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Disrupt and Prosper, Conform and Languish

Disrupt and Prosper, Conform and Languish

The recipe for corporate success today is very simple. Step 1: Change your organization's culture into an innovative, risk-taking one.

Step 2, unfortunately, is unknown, since virtually no one ever knows how to get past Step 1

Is a misguided obsession with process improvement killing innovation? After heading an extensive review of project teams and subcontractors at some of the largest US Department of Defence organizations, Robert Charette fears it is.

Having reached or neared the peak of Capability Maturity Model (CMM) certification - Level 4 or Level 5 - these organizations should have been abuzz with new and innovative approaches to software development. Instead, the president of the ITABHI Corporation found stultified organizations where conscientious team leaders had unwittingly raised the quest for conformity and compliance high above performance, to the detriment of all three.

Charette, who is also a Cutter Consortium Fellow and director of Cutter's enterprise risk management and governance practice, sees the way process improvement methodologies are stifling creativity as a metaphor for greater evils plaguing business. The problems he sees constantly in IT shops are but a symptom of a much broader and more insidious disease ailing Western corporations - and especially their IT shops - he says. It is a malaise with at least three underlying causes: lack of corporate leadership, lack of innovation and lack of decision making. Together they are making corporations sick, their immune systems degrading under the weight of a vicious cycle Charette blames for killing competition.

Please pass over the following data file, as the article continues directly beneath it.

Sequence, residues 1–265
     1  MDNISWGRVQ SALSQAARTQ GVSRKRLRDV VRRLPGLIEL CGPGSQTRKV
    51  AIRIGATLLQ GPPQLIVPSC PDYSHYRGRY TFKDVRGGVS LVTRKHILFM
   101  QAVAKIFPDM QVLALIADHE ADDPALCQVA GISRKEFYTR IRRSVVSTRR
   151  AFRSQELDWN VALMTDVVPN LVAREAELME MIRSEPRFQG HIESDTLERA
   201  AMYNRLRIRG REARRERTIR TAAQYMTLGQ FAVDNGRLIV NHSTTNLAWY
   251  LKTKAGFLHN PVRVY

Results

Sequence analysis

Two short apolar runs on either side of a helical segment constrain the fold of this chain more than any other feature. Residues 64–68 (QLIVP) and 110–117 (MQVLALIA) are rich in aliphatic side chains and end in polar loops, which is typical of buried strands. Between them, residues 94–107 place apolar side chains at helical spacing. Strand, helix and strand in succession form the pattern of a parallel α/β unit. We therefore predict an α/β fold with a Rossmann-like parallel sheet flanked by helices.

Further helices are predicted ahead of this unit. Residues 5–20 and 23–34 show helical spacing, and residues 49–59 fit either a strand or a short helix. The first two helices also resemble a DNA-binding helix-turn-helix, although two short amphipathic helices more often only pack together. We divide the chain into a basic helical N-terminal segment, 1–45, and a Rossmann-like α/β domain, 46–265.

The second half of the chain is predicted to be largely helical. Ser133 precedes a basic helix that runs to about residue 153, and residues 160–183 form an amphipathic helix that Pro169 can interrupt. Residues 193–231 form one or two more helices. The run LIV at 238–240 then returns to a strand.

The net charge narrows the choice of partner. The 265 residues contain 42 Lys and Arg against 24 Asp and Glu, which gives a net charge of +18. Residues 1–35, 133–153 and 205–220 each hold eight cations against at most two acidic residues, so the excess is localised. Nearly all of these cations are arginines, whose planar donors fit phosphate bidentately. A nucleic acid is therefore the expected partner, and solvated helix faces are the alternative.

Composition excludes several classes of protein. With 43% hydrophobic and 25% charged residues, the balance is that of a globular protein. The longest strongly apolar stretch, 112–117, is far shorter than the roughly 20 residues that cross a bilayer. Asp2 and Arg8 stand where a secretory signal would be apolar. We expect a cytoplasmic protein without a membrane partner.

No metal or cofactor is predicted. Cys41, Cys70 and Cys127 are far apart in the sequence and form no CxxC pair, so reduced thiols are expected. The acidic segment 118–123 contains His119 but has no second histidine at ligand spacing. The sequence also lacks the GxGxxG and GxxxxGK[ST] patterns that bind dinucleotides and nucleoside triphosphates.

Business magazines in the US, Europe and Australia keep hammering the same three causes while treating the three issues as independent. Charette contends they are not only interlinked, but represent a fusion of circumstances unintentionally and internally created by the same corporations complaining about them now.

"The outcome is shortages in all these areas in organizations because they were deliberately filtered out over the last 15 years. Organizations are reaping what they sowed in the late 1980s and the early 1990s," Charette says. "The failings are insidious, especially in the IT area, but growing across all these organizations. What you have is a lot of little things that, added up, undermine innovation, decision making and leadership."

Shying Away from Risk

One of those little things is the notion that took hold in the 1990s that shareholder value was the only way to value the corporation. Return-on-investment hurdles soared as incentives for senior management became more firmly tied to earnings. That persuaded many organizations to stop valuing R&D: it was just too hard to identify sure-fire winners. Some executives even cooked the company books to ensure they got their end of year bonuses - and some of those are on trial for their sins.

"During the 1990s and even starting back in the 1980s, corporations couldn't figure out how to gain any value from their R&D organizations and so they cut them back," Charette says. "Now they are complaining about a lack of innovation, yet basic research and development and anything else that could not produce value to the balance sheet quickly have been systematically stripped away."

The result is organizations that have become allergic to risk at precisely the time when risk-taking might prove their salvation.

Innovation means doing something novel and different from what you are doing today because what you are doing today is no longer valid or useful or effective. The whole idea of entrepreneurship and innovation is moving resources from areas of low yield to areas of higher yield. But doing something different is hard, and it means taking risks, Charette says. "That is, there is also a possibility that you may not get anything. That it might not produce what you want."

For many organizations, that risk no longer seems acceptable.

Related to innovation is the quality of decision making. Many commentators proclaim the dire state of corporate decision making, Charette says, yet few have pointed out that when you outsource people, you flatten the organization; decision making degrades. Also the opportunities to make mistakes have disappeared because of a destructive notion of the "zero defect culture": the sense that organizations and individuals must avoid mistakes at all costs.

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